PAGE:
Background: Oral immunotherapy (OIT) has been thought to induce clinical desensitization to allergenic foods, but trials coupling the clinical response and immunologic effects of peanut OIT have not been reported.
Objective: The study objective was to investigate the clinical efficacy and immunologic changes associated with OIT.
Methods: Children with peanut allergy underwent an OIT protocol including initial day escalation, buildup, and maintenance phases, and then oral food challenge. Clinical response and immunologic changes were evaluated.
Results: Of 29 subjects who completed the protocol, 27 ingested 3.9 g peanut protein during food challenge. Most symptoms noted during OIT resolved spontaneously or with antihistamines. By 6 months, titrated skin prick tests and activation of basophils significantly declined. Peanut-specific IgE decreased by 12 to 18 months, whereas IgG(4) increased significantly. Serum factors inhibited IgE-peanut complex formation in an IgE-facilitated allergen binding assay. Secretion of IL-10, IL-5, IFN-gamma, and TNF-alpha from PBMCs increased over a period of 6 to 12 months. Peanut-specific forkhead box protein 3 T cells increased until 12 months and decreased thereafter. In addition, T-cell microarrays showed downregulation of genes in apoptotic pathways.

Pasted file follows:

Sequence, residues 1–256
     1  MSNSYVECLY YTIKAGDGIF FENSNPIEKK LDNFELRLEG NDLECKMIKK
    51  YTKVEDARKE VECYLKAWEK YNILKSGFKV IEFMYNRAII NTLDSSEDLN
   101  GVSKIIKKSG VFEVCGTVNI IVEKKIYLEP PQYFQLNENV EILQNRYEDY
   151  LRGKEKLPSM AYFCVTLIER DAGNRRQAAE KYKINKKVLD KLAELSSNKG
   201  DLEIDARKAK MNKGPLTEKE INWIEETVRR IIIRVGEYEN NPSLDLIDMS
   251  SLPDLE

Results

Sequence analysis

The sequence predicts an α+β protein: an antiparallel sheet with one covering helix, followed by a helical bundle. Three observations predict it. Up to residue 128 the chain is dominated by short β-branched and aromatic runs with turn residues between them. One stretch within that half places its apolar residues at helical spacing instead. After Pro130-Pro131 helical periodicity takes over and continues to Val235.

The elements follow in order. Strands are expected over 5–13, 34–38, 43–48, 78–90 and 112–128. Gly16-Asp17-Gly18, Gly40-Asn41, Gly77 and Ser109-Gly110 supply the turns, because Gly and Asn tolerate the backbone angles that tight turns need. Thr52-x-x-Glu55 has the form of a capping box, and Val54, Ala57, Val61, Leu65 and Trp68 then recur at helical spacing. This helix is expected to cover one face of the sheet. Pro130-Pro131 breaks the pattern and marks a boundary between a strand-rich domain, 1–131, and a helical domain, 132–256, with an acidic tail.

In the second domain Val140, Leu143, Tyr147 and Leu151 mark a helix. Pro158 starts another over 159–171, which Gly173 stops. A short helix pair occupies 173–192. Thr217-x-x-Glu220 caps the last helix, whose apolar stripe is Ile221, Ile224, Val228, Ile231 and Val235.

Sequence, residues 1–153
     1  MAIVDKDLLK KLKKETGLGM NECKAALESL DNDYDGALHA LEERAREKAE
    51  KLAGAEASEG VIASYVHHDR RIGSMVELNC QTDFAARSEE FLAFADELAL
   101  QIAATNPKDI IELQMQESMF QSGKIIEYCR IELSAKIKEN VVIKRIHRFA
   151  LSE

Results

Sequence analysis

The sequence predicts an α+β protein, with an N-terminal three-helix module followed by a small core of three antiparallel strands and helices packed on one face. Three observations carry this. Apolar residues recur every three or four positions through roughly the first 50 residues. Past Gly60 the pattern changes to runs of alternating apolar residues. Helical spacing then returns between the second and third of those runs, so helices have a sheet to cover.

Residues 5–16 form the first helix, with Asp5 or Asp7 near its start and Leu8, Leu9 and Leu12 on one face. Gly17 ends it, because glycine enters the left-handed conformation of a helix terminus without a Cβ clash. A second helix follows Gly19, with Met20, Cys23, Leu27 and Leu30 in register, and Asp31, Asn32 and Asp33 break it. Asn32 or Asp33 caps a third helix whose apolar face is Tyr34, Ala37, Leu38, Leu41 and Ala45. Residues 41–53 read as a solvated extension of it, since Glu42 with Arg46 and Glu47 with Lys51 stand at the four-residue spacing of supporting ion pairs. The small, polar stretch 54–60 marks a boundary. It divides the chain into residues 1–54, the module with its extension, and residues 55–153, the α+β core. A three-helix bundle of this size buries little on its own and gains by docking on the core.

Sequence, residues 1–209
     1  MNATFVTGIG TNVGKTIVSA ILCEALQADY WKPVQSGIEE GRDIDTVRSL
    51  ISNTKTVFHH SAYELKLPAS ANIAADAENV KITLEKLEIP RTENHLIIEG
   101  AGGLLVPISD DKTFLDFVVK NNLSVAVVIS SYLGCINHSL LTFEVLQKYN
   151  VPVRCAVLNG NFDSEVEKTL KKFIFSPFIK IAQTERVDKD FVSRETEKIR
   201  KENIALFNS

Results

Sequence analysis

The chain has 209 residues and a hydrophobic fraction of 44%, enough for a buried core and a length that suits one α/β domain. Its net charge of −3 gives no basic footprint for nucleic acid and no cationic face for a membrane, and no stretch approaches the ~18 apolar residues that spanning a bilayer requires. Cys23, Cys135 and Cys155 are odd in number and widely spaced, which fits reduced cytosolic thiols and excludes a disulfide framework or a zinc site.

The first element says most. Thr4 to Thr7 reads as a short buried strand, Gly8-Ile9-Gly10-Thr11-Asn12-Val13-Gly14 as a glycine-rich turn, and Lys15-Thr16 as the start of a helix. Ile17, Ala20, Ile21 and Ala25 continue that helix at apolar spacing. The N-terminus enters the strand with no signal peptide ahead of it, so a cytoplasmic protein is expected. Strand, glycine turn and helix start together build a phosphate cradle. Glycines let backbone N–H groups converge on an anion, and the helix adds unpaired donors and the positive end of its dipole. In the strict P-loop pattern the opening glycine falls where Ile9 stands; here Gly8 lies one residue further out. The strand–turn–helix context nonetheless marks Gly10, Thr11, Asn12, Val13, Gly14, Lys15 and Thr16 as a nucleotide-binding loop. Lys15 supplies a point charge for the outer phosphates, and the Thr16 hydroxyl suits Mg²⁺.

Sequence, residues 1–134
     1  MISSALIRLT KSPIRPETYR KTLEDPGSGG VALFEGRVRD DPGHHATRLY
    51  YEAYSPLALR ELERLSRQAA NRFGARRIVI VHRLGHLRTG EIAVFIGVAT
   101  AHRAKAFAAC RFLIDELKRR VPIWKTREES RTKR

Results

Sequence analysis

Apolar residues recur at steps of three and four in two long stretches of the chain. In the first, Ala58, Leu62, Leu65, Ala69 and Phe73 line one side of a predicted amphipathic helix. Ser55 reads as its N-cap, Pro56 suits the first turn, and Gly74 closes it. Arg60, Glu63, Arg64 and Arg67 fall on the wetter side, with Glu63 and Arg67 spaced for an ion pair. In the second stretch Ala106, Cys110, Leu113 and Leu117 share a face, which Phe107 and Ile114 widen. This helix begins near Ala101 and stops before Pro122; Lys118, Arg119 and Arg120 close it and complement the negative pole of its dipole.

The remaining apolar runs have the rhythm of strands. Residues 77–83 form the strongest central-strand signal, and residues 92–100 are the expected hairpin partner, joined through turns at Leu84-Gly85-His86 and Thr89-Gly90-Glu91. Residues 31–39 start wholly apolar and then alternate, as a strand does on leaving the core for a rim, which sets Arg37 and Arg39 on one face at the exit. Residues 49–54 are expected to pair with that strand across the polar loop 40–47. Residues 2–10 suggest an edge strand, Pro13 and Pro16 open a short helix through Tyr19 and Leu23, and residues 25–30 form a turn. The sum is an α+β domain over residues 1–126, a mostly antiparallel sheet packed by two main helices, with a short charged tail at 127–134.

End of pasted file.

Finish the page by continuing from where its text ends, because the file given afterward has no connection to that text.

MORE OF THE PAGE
Conclusion: Oral immunotherapy induces clinical desensitization to peanut, with significant longer-term humoral and cellular changes. Microarray data suggest a novel role for apoptosis in OIT.